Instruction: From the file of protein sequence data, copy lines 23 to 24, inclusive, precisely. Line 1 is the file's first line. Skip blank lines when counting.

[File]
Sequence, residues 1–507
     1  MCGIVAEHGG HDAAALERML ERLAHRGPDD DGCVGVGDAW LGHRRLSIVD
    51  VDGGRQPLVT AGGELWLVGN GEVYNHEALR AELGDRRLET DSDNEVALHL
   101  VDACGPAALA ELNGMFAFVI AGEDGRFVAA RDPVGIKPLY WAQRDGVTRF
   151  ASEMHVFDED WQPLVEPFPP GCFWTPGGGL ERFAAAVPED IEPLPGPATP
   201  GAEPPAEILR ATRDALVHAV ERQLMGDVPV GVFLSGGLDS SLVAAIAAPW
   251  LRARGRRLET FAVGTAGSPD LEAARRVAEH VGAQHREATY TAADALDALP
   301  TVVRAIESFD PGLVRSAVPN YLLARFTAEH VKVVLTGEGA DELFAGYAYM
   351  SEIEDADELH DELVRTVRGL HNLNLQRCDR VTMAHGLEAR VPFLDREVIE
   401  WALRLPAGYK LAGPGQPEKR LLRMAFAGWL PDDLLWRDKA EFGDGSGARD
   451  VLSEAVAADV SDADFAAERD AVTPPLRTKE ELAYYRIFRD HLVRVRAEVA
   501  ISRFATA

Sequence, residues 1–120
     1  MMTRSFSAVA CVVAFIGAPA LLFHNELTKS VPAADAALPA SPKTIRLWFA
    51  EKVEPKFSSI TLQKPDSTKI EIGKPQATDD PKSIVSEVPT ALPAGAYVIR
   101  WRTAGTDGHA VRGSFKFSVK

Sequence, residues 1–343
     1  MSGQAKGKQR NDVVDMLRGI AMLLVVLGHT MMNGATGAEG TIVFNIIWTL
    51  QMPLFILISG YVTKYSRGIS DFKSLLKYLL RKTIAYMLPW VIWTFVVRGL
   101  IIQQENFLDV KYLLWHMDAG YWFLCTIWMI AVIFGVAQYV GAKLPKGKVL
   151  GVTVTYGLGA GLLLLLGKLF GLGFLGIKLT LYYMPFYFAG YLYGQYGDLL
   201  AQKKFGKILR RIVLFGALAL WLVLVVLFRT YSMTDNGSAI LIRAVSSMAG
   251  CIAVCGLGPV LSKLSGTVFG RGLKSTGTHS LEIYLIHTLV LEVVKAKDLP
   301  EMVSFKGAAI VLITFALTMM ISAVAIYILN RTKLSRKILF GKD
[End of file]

   251  CIAVCGLGPV LSKLSGTVFG RGLKSTGTHS LEIYLIHTLV LEVVKAKDLP
   301  EMVSFKGAAI VLITFALTMM ISAVAIYILN RTKLSRKILF GKD